|State Council Development Research Center||1||1||0||0||0|
|State Council Leading Group Office of Poverty Alleviation and Development‡||7||2||0||5||0|
|State Forestry Administration||7||1||6||0||0|
|State Intellectual Property Office||4||3||1||0||0|
|Taiwan Affairs Office||2||0||0||2||0|
*For the sake of clarity, we have used the names of the highest-level entity in each functional hierarchy (for example, the Ministry of Justice). Technically speaking, there are no “ministries” at the provincial level, but rather bureaus or departments.
**Some of these PSUs, such as the National Health and Family Planning Commission, will no longer be named as such after the government completes the restructuring program outlined at the National People’s Congress earlier this year. This is how the PSUs are listed in the Chinese government database that is the source for this information, however, and we are leaving them listed as such for the purposes of this analysis.
†There does not appear to be a true functional hierarchy for one PSU, the Gansu Social Science Federation (甘肃省社会科学界联合会); instead, most, if not all, provinces have a corresponding federation that is overseen by the provincial Party committee. It is technically a “people’s organization” or “mass organization” (人民团体, renmin tuanti).
‡For four activities, the CPU’s PSU was the Yilong County Bureau of Poverty Alleviation and Migration (仪陇县扶贫移民局) in Sichuan province. There is not a national-level organization with the same name, but based on an official government document, it is likely that this bureau reports to the State Council Leading Group Office of Poverty Alleviation and Development, so we have assigned it to that functional hierarchy here.
What Does This Tell Us About CPUs in the First 18 Months of the Foreign NGO Law’s Implementation?
Looking at China as a whole, non-profits and foundations are the go-to partner organizations for foreign NGOs. Non-profits and foundations most frequently serve as CPUs for foreign NGOs carrying out temporary activities in China. Further, looking just at the number of unique non-profit/foundation CPUs reveals that a large percentage of these temporary activities are implemented by repeat CPUs. This could be attributed to a number of factors: certain key non-profits and foundations with the relevant capacity were able to adapt to the Foreign NGO Law’s requirements more quickly and file for multiple temporary activities; some non-profits/foundations are carrying out a large number of very similar temporary activities, allowing for speedy filing; foreign NGOs seeking out CPUs with a proven track record of successful temporary activity filings; among others.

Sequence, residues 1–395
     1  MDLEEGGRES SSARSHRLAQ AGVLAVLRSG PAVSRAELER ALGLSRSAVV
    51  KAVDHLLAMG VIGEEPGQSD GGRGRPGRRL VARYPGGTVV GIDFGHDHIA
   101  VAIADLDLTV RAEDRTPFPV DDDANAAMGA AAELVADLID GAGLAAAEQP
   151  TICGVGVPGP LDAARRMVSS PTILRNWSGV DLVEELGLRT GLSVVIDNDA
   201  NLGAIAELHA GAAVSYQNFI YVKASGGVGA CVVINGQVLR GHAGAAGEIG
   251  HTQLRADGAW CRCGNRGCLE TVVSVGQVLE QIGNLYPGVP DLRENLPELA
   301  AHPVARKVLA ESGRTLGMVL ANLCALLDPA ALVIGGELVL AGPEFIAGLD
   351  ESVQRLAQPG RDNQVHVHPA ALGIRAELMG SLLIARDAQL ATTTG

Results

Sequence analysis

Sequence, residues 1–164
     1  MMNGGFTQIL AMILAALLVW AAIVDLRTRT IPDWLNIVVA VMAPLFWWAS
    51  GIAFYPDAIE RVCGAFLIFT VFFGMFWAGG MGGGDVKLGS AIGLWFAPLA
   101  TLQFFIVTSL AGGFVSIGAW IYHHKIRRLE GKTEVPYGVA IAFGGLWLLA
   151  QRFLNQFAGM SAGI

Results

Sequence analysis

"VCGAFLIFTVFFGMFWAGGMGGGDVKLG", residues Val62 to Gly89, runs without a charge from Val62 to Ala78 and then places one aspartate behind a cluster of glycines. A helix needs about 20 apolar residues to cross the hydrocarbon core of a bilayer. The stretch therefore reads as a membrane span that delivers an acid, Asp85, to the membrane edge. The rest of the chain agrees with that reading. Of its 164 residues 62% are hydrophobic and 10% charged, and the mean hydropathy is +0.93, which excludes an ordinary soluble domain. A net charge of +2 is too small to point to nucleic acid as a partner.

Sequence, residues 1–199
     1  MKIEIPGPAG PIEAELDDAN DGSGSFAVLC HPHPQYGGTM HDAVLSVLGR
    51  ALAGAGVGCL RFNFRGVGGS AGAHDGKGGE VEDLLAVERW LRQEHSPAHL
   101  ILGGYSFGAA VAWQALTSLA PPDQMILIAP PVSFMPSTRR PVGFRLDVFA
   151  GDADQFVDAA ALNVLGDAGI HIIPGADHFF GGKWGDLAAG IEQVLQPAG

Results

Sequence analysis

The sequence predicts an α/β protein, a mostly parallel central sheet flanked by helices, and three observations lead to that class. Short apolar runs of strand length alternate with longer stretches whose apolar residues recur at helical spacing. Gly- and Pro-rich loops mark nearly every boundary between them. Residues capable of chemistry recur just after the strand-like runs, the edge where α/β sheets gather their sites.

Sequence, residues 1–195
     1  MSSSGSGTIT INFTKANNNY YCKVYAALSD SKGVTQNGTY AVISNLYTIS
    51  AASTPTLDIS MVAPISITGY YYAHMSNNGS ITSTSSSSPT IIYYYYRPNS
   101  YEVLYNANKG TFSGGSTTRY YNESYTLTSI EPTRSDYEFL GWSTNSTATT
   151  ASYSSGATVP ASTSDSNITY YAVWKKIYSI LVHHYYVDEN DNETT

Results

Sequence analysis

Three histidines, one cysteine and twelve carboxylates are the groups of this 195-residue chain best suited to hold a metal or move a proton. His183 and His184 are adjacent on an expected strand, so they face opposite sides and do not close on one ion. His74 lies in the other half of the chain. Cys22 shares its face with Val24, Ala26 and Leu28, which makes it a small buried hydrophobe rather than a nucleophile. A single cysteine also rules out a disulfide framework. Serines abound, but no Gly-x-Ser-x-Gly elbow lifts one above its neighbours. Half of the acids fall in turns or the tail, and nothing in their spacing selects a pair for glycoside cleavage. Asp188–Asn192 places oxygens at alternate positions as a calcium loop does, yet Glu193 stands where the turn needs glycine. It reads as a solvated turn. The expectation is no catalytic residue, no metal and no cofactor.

Domestic NGOs that are unable to get registered under the Charity Law, and are therefore unable to serve as CPUs for Foreign NGOs, are cut off from these types of partnerships.
However, the most common CPU type does differ by province. In an echo of the variability in implementation of the law generally, in some provinces more government or Party entities are serving as CPUs than in others. Some of this could be explained by the relative concentrations of domestic NGOs with adequate resources and international connections to serve as CPUs in various areas. In other cases, it also likely reflects local authorities’ preferences; the relatively high concentration of foreign NGOs in, say, Beijing, may breed a baseline familiarity with foreign NGOs that leads local authorities to be more comfortable allowing non-government entities to serve as CPUs for foreign NGOs.
For those non-profit CPUs with their own supervisory units, the education xitong ends up approving a significant percentage of temporary activities. This means that the education functional hierarchy is playing a real, though somewhat removed, role in related foreign NGO work. It is possible, however, that nearly half of CPUs are directly registered with the Civil Affairs xitong—providing, on paper, somewhat greater latitude to engage with foreign NGOs, but in fact creating confusion on the ground.